People might start commuting by bicycle to improve their fitness, save money or support sustainability, but they continue because it’s fun.
Whether we happen to be game for a do-it-yourself project, or prefer to avoid anything to do with tools, tape, thread and glue, resources abound to help us transform what’s in need of a makeover.
By wanting—and sometimes, doing—less, we create more space for the things that really matter. When an individual first chooses to live on a smaller, more human scale, the other values seem to fall in line.
From November 2006 to November 2007, New York City author Colin Beavan, his Prada-wearing wife Michelle and 18-month-old daughter, Isabella, went on a yearlong reduce-recycle-reuse odyssey to cut down on their daily ecological footprint.
Going green is not just a trend—it’s a full-scale shift that’s taken place across the consumer landscape in every market. As the market continuously shifts toward healthier options, companies that produce everything from cars to cosmetics to clean energy systems are responding with greater options and lower prices.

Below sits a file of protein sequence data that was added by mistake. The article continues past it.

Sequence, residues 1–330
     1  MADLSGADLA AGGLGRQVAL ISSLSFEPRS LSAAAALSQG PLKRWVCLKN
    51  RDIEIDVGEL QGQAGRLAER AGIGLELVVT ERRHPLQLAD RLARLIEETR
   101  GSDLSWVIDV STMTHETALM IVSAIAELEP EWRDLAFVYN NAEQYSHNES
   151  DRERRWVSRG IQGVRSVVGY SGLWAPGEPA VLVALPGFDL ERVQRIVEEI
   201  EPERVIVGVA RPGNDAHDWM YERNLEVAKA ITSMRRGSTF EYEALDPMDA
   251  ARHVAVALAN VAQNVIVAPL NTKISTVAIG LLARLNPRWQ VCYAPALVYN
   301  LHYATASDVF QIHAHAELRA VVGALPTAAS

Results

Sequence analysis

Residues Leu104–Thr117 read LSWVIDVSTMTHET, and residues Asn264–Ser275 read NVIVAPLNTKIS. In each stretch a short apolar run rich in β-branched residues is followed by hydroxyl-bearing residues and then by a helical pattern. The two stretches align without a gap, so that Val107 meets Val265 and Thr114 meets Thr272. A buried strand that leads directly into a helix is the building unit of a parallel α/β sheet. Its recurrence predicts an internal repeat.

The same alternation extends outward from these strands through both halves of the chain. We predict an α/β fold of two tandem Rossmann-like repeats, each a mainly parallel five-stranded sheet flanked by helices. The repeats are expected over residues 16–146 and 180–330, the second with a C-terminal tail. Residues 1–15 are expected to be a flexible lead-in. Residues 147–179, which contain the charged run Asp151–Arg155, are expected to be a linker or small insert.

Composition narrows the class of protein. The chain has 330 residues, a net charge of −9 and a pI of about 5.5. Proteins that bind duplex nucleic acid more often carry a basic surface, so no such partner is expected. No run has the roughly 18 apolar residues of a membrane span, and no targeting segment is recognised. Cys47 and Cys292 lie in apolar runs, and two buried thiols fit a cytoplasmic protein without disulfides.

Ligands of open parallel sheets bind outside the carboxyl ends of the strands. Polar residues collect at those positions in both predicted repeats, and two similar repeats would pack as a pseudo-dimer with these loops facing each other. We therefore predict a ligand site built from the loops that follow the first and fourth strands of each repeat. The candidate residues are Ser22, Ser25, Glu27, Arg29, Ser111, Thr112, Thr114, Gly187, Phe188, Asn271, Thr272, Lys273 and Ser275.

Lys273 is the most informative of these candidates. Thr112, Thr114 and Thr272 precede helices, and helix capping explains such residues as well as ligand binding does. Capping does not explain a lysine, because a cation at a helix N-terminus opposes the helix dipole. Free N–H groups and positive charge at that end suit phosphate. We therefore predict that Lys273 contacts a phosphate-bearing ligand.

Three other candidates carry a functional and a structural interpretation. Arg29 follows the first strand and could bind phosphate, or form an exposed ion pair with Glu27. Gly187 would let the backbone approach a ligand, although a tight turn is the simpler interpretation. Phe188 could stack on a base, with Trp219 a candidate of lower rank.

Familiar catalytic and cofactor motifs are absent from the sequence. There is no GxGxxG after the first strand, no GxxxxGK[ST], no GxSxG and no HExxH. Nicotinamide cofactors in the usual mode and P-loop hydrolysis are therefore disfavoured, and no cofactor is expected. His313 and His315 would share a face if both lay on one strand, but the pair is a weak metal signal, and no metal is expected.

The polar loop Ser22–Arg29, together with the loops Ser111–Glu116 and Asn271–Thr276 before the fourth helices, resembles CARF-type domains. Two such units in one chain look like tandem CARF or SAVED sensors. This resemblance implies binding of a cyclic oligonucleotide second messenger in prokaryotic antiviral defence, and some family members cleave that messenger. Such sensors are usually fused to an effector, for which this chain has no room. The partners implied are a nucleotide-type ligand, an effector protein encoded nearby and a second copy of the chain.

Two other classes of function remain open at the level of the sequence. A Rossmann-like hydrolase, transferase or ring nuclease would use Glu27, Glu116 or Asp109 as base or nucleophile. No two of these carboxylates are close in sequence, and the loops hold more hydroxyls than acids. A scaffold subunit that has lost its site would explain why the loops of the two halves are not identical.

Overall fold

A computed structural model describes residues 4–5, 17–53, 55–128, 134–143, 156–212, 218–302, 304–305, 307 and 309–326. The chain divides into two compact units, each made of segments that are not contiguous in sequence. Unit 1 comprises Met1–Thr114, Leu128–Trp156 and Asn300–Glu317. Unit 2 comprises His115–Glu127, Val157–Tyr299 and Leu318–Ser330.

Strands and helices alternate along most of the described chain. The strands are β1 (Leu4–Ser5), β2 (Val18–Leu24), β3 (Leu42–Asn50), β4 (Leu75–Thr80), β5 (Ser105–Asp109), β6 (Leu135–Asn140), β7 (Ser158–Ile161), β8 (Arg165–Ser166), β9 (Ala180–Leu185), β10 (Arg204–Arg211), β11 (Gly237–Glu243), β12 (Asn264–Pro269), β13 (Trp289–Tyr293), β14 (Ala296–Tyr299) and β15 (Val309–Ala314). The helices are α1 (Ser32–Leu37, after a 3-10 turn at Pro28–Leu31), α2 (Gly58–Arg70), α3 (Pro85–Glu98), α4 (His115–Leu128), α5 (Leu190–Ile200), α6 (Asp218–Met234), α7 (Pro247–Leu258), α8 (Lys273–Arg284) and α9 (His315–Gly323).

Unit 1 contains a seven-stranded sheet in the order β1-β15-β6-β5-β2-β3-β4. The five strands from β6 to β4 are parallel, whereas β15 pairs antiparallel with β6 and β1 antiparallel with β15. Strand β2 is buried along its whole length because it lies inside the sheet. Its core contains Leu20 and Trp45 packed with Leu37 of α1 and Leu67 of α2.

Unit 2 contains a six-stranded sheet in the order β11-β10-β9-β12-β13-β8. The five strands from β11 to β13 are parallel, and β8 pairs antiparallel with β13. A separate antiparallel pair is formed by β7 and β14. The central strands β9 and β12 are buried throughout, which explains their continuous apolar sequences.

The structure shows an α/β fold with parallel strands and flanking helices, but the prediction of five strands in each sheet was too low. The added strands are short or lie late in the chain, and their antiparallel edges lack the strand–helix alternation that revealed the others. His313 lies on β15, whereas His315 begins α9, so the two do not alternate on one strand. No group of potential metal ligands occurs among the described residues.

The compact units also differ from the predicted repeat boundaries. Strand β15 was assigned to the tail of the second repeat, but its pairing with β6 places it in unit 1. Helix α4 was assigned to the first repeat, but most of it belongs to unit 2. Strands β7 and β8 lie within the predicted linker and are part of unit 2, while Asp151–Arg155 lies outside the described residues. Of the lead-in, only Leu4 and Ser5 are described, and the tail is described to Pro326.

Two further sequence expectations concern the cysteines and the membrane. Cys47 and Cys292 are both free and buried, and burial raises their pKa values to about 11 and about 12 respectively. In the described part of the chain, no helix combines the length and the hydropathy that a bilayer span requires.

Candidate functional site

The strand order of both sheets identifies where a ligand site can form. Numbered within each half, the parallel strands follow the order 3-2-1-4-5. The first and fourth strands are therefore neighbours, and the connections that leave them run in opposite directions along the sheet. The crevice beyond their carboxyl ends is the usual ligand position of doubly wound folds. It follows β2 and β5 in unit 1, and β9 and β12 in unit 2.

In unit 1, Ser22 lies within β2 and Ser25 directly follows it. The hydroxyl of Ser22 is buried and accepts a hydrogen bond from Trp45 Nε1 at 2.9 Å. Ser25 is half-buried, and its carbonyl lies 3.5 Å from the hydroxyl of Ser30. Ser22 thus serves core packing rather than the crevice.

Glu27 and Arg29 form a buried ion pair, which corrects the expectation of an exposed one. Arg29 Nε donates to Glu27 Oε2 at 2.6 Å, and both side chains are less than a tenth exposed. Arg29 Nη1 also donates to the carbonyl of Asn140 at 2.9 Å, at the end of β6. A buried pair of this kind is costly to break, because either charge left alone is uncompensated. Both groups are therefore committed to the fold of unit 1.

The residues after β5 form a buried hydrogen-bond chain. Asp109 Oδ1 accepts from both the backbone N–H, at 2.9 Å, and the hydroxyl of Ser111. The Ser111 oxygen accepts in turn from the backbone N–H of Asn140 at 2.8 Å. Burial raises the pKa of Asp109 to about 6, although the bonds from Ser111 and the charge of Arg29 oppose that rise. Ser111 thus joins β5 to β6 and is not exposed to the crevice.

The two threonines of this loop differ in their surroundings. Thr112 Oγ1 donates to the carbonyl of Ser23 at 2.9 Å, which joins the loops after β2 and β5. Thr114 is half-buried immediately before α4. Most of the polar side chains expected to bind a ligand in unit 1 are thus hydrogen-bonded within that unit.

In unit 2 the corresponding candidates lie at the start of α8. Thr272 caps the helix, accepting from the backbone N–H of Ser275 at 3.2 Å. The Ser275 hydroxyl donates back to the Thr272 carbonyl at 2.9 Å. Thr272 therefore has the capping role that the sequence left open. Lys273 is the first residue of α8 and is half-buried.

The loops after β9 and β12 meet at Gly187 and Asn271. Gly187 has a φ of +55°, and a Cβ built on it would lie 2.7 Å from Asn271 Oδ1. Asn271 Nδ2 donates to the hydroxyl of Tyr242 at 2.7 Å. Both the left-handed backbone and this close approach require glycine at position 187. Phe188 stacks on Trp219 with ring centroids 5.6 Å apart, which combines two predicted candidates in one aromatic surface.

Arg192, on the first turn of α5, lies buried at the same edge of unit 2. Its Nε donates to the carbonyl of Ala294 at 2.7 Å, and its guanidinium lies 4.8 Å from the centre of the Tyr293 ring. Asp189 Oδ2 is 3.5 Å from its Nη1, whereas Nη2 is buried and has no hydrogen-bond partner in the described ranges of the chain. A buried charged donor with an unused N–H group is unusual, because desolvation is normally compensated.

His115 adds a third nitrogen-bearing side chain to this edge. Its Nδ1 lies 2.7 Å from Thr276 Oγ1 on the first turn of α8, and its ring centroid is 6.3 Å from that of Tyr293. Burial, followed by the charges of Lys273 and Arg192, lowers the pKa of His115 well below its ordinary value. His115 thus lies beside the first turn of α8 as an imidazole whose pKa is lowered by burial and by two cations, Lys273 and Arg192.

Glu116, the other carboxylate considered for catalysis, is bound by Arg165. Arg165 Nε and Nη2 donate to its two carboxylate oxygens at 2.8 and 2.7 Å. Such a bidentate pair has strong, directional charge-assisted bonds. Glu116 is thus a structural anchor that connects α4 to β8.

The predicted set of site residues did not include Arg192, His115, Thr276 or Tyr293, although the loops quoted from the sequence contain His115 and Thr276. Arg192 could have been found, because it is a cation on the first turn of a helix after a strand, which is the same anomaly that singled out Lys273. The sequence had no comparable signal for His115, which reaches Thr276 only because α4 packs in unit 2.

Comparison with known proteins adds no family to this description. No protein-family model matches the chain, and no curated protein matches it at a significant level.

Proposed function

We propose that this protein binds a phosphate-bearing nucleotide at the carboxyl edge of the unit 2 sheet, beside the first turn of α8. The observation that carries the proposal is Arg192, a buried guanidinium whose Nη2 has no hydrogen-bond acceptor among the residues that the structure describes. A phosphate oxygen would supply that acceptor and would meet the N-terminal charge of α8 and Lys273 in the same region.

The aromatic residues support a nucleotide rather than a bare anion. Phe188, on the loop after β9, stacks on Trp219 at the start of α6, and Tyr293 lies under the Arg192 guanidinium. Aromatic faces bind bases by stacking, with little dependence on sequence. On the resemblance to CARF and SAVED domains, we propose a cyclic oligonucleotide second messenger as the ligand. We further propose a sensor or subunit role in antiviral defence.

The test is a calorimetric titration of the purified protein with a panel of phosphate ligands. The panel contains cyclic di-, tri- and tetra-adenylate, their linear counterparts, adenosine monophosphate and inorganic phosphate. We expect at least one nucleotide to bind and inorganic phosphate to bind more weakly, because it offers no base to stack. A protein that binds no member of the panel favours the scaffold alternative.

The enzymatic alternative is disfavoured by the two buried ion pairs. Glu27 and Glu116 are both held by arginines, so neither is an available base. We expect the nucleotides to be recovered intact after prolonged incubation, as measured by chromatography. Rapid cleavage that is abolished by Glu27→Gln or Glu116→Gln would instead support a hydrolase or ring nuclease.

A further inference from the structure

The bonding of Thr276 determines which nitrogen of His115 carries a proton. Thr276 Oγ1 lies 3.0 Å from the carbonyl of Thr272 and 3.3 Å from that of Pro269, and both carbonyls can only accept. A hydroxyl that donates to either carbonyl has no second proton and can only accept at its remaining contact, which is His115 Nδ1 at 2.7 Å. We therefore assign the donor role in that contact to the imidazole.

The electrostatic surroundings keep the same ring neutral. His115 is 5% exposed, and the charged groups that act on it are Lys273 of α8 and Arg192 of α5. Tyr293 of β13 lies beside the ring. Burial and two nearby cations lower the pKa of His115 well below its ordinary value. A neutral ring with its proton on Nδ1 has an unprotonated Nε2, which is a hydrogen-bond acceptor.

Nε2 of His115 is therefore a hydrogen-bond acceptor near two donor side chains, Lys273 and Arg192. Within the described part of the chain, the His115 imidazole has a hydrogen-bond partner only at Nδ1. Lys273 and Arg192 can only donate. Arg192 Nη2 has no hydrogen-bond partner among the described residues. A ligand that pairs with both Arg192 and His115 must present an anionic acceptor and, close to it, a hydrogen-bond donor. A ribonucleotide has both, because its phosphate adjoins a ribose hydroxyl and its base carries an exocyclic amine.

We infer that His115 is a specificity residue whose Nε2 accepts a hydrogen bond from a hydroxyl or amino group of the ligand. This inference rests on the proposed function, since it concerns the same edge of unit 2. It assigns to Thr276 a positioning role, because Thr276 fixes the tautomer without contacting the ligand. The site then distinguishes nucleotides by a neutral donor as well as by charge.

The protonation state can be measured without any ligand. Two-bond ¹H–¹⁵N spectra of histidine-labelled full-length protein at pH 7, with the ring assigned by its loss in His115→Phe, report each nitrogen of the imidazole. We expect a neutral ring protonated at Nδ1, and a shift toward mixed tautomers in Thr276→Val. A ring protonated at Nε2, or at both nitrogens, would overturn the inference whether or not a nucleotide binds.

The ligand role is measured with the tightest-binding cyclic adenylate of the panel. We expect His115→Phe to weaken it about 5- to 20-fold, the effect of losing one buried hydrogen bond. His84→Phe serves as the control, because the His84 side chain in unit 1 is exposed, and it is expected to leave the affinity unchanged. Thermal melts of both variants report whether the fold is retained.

Billions of dollars are spent each year on school supplies for children, which impacts our environment greatly. Here are some things to remember when it comes to being eco-conscious with these purchases.
The environmentally conscious showroom shopper can take advantage of the opportunity to step into a wealth of intriguing models, sweetened by a buyer’s market.
Beneath some precious gems' come-hither sparkle may be a dark side, whose hidden facets reflect a disturbing legacy of greed and violence.
While many Natural Awakenings readers are making increasingly better eco-choices at home, our personal habits at work can make a big difference, too.